This Church, retaining a liturgy which shall not be imperative or repressive of freedom in prayer, accepts The Book of Common Prayer, as it was revised, proposed, and recommended for use by the General Convention of the Protestant Episcopal Church, A.D. 1785, reserving full liberty to alter, abridge, enlarge, and amend the same, as may seem most conducive to the edification of the people, "provided that the substance of the faith be kept entire."

Here, it appears the REC is opposing rigidity in liturgical worship, meaning the exclusion of extemporaneous prayers. This reflects the nature of party strife in the Anglican Church at the time. However, part of the successive Acts of Uniformity and Supremacy do require use of authorized liturgy in the Book of Common Prayer. However, most modern Anglican service books allow a fair amount of extemporaneous prayers.

A note about the 1786 Proposed Book of Common Prayer for the PECUSA, it is revealing that the REC chose this as a model for their BCP. The 1786 BCP was modeled on the 1689 Liturgy of Comprehension and is notable for excluding the Creed from Holy Communion and the canticles from the Offices. The 1786 showed the influence of the 1662 in its Communion office, though, and did not have the Scottish prayer of consecration in it. This shows the early latitudinarian spirit in the REC.

This Church condemns and rejects the following erroneous and strange doctrines as contrary to God's Word:
First, that the Church of Christ exists only in one order or form of ecclesiastical polity:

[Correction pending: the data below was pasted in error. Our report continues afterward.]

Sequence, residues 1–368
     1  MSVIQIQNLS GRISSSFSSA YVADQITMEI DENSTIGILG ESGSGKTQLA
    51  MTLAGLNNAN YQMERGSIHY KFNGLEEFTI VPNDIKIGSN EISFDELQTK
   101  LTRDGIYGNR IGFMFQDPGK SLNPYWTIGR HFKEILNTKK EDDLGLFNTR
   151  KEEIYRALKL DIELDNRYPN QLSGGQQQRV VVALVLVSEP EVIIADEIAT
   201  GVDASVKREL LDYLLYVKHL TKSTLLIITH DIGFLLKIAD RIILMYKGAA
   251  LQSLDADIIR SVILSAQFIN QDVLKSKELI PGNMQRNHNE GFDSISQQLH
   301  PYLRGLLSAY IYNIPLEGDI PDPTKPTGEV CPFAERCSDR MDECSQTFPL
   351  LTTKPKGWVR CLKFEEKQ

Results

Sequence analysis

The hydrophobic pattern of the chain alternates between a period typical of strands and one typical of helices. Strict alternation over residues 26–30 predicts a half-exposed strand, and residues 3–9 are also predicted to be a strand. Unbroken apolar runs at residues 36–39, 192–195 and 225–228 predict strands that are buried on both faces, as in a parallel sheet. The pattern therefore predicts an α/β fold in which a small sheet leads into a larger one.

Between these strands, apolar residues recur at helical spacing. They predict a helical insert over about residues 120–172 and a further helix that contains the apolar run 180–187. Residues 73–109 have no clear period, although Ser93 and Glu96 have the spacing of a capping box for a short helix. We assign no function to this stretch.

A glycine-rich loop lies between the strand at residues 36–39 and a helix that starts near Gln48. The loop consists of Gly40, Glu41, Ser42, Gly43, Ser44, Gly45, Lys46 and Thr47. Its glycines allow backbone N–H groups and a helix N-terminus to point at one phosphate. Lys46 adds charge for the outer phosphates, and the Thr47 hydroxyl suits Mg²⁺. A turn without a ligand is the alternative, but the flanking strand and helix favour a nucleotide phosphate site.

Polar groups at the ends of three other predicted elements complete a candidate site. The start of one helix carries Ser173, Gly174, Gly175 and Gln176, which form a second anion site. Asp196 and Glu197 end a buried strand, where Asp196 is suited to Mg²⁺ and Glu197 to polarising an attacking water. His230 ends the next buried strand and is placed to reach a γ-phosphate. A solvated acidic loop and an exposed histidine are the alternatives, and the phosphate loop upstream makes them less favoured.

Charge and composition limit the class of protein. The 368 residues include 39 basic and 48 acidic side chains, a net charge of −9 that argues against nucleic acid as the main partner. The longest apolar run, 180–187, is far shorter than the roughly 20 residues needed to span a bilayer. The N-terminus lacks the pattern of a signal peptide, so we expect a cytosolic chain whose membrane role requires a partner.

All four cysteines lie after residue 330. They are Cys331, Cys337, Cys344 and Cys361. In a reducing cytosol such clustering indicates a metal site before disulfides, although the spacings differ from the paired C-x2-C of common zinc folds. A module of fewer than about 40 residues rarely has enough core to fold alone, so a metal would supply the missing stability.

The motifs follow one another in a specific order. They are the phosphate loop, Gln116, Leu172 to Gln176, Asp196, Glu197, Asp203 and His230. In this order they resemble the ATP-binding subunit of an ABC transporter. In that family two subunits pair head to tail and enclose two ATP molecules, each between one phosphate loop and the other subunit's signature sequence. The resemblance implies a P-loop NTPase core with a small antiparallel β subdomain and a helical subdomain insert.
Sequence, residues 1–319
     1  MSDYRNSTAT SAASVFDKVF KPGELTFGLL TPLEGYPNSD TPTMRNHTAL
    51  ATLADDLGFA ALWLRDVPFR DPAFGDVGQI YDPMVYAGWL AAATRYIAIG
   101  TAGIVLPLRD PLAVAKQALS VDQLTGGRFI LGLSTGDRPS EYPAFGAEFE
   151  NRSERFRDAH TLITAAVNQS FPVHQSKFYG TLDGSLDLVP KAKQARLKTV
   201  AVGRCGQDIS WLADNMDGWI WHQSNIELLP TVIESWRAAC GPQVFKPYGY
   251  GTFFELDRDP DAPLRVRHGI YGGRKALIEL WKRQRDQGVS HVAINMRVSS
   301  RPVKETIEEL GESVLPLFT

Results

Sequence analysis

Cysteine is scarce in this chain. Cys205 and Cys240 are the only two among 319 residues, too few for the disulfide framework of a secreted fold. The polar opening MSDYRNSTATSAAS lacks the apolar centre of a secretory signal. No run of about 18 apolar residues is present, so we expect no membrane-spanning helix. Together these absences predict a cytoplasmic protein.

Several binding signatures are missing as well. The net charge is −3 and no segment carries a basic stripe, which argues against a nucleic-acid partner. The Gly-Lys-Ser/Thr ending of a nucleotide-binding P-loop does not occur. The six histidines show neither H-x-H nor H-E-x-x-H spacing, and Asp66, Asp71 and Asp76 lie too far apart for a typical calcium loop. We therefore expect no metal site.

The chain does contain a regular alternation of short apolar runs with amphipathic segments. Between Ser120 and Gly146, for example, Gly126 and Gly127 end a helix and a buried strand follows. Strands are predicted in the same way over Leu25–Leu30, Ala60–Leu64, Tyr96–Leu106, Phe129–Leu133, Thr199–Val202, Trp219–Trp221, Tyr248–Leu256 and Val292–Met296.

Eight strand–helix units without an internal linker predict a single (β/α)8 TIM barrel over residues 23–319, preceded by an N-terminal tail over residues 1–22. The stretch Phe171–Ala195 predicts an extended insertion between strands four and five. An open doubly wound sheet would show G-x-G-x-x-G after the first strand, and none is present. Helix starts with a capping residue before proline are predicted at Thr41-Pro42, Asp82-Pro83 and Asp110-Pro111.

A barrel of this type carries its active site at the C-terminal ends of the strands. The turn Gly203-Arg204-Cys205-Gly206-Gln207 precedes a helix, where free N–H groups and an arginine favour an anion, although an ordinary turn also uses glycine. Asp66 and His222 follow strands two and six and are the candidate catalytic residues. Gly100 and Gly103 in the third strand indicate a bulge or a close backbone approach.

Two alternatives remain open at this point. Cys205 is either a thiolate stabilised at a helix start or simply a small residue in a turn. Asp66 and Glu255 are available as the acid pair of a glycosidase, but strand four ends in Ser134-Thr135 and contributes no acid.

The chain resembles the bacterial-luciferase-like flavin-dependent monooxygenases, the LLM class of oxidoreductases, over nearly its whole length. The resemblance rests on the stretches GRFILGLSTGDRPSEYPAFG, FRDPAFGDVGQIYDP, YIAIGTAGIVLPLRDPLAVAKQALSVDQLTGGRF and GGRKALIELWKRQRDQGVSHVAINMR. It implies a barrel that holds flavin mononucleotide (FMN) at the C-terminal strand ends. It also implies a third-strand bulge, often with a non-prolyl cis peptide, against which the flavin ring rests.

Second, that Christian Ministers are "priests" in another sense than that in which all believers are a "royal priesthood:"
Third, that the Lord's Table is an altar on which the oblation of the Body and Blood of Christ is offered anew to the Father:
Fourth, that the Presence of Christ in the Lord's Supper is a presence in the elements of Bread and Wine:
Fifth, that regeneration is inseparably connected with Baptism."

Even though this paragraph presents multiple points, I am going to address it as a whole because there are some common themes in the remonstrances listed above. The first assertion reiterates the point above about the episcopacy and also is intended to show the REC’s willingness to recognize the validity of other Protestant ministers, an important issue to Cummins and other early leaders of the REC. The second and third points are correlated even though they address different aspects of the same issue. The denial is that the Christian priesthood is sacerdotal, meaning that the priest offers a propitiatory sacrifice in Holy Communion. This was a smack in the face to Anglo-Catholicism, which affirms, contrary to historical Anglican thought, that the priest does offer a propitiatory sacrifice at the “Mass.” This theology is denied in the third point above. These beliefs are reflected in intentional changes to the REC liturgy. In their Prayer Book the word “priest” is replaced by the word “presbyter,” and like the 1662, the word “altar’ is not used to refer to the Lord’s Table. The fourth point reflects the common Evangelical concern with the wording in the Baptismal service in the 1662 BCP. While we can debate till kingdom comes about the exact meaning of the text, it have some apparent strong language about regeneration, which has caused High/Low debate in Anglican history since the publication of the 1662 BCP.

1 comment:

Joshua Perkins said...

You neglected to address the penultimate doctrine that was rejected: "that the Presence of Christ in the Lord's Supper is a presence in the elements of Bread and Wine".